19 May 2013


Donald H Menzel. Flying Saucers. Harvard University Press/Putnams, 1953.

Yah boo hiss, here is Donald Menzel the first great pantomime villain of ufology, until that role was stolen from him by Phil Klass. In this first book Menzel sought rational explanations for UFO reports; in particular he was interested in the role of mirages, phenomena produced by ice crystals and other similar meteorological explanations.
This didn’t exactly enamour him to the ETH supporters, which of course included the 11, going on 12-year-old Peter Rogerson, and I didn’t find his arguments very persuasive. After all I knew that flying saucers came from outer space because Aimé Michel and Donald Keyhoe had told me they did, and Michel had some impressive looking maths - which I couldn’t follow, but they surely proved Menzel was wrong.

Actually much of the time, Menzel was wrong, for like a lot of other people who think they have THE answer to UFO reports Menzel took his ideas far too far. Thus the Skyhook balloon that Thomas Mantell chased to his death was a mock sun in Menzel’s eyes, and he devised complex explanations involving mirages, although there were probably much simpler explanations.
But on re-reading I noted that he didn’t quite push the irage hypothesis as far as ufological folklore suggests that he did, and it is interesting to see that he was one of the first people to try and place modern UFO reports in a historical context - there are some fascinating historical snippets included in this book.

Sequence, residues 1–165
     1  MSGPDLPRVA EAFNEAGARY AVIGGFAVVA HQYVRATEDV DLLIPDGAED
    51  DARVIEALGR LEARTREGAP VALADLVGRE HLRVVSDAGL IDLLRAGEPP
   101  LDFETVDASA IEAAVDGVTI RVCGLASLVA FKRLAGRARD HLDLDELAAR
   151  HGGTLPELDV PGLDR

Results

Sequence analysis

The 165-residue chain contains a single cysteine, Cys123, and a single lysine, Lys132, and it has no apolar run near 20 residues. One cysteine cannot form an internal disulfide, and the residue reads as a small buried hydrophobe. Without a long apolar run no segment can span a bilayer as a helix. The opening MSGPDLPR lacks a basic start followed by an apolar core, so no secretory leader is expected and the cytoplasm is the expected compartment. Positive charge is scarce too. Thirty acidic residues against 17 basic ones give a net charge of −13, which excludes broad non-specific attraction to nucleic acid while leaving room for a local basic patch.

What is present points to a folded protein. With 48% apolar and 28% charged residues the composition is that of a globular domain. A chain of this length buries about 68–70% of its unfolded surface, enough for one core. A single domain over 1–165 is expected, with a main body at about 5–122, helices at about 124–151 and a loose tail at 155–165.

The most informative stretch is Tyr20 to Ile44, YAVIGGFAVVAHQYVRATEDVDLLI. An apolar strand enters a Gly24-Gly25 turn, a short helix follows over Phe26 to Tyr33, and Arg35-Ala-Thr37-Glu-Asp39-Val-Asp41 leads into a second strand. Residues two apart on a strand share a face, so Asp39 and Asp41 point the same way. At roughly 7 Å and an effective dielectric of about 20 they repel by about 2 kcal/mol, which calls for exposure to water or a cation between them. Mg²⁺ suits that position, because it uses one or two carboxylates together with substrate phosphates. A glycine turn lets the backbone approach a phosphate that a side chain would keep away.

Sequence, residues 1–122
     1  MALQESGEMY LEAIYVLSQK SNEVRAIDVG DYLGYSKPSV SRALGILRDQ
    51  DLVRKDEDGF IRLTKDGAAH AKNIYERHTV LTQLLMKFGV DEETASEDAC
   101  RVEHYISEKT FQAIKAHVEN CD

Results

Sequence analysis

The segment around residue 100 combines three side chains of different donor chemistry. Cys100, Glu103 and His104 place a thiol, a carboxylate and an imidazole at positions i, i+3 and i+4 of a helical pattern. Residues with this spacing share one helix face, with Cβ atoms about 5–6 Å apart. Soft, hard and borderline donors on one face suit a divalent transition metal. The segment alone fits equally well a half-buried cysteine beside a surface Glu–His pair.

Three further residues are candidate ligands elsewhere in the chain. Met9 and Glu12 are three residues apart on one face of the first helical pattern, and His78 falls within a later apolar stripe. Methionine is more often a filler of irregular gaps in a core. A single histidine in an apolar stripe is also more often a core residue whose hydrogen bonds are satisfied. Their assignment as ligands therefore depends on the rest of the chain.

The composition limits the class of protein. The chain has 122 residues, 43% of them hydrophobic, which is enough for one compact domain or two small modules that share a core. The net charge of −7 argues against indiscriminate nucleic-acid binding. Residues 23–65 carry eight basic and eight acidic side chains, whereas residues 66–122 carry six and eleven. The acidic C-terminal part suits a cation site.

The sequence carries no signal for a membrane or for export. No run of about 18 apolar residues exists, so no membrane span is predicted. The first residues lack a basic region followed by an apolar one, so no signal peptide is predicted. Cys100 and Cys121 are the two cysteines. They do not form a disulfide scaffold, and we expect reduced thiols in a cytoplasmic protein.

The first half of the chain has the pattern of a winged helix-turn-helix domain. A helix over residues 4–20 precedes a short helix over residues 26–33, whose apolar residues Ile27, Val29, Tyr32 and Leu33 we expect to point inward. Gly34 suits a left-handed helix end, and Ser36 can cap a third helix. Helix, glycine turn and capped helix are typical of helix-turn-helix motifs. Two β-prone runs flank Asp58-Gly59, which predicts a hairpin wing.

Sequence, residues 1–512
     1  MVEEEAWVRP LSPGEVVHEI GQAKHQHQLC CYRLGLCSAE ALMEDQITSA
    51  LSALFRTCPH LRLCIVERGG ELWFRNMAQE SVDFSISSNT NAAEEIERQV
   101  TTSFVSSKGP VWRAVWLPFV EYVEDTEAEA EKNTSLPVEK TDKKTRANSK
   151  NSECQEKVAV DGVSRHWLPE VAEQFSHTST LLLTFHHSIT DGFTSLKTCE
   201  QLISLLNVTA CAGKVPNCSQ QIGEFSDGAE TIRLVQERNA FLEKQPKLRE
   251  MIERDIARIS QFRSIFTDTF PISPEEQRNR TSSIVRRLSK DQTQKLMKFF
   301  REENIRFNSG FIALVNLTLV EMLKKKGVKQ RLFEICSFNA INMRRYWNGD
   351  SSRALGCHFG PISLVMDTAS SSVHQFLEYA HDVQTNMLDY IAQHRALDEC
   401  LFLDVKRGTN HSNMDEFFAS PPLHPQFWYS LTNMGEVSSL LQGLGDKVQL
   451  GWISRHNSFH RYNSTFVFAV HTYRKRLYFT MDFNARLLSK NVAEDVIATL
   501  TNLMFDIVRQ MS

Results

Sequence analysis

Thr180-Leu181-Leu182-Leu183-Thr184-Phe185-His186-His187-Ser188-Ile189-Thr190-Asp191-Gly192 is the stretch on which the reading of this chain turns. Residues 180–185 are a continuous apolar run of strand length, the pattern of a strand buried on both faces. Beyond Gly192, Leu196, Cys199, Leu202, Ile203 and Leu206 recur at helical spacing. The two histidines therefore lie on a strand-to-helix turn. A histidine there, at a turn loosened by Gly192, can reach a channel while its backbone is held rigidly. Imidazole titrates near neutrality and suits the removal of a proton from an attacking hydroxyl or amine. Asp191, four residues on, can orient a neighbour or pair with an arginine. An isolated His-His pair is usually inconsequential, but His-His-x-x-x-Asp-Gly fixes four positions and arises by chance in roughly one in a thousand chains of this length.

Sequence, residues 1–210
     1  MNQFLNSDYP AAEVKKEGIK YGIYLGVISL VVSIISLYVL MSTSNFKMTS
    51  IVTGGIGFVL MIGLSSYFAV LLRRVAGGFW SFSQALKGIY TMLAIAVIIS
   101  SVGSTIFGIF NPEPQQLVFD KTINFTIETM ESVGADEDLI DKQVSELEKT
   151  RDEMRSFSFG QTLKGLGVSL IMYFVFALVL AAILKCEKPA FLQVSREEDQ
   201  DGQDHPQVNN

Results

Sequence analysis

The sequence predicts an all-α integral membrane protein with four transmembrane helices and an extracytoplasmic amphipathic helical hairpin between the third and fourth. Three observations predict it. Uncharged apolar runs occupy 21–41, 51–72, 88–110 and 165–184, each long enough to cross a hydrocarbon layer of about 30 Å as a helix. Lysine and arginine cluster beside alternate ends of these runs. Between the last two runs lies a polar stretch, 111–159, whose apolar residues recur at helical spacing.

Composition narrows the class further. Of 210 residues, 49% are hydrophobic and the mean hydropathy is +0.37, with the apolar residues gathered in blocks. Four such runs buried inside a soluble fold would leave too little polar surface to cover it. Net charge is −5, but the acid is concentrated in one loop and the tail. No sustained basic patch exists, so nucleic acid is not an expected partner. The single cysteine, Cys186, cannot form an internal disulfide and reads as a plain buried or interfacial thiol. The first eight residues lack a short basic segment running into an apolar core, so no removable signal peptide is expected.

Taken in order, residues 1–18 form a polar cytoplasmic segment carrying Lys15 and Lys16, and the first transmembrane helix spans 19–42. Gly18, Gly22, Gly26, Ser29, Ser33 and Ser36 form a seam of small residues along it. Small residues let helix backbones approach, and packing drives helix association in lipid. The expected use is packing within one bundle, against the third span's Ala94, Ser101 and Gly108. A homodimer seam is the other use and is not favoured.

There is, of course, the same literalism that also infects ETH believers. Thus Menzel argues the vision of Ezekiel was a sun dog, just as others have argued that it was tornado, plasma vortex, extra-terrestrial helicopter or a prevision of railway locomotives. That it is essentially a work of allegorical fiction is not considered by any of these authors.

I rather suspect that, every bit as much as debunking the ETH, Menzel was actually motivated by using popular interest in flying saucers as a hook on which to hang a study of peculiar atmospheric phenomena aimed at a general audience.

Within a decade Menzel had abandoned the mirages for a much more general sceptical approach, but they were resurrected decades later and in a much more extreme fashion by Steuart Campbell.
The section on life on Venus and Mars now looks very quaint indeed, with Venus being granted warm oceans and how the dark areas seen on Mars “have proved to be vegetation”. How many of our current scientific views will appear as naïve, old fashioned and just plain wrong in another 60 years’ time. – Peter Rogerson.


  1. Which do you prefer, the equations Menzel has put on the blackboard or the Venusian writing supplied to Adamski at about the same time as Menzel was writing his book?

    One piece of writing proves that all UFOs are atmospheric phenomena. The other proves that Venusians exist and are visiting planet earth. Take your pick.

    1. Why do we have to pick either? I'm not convinced that Menzel's equations or Adamski's "Venusian" writing prove anything.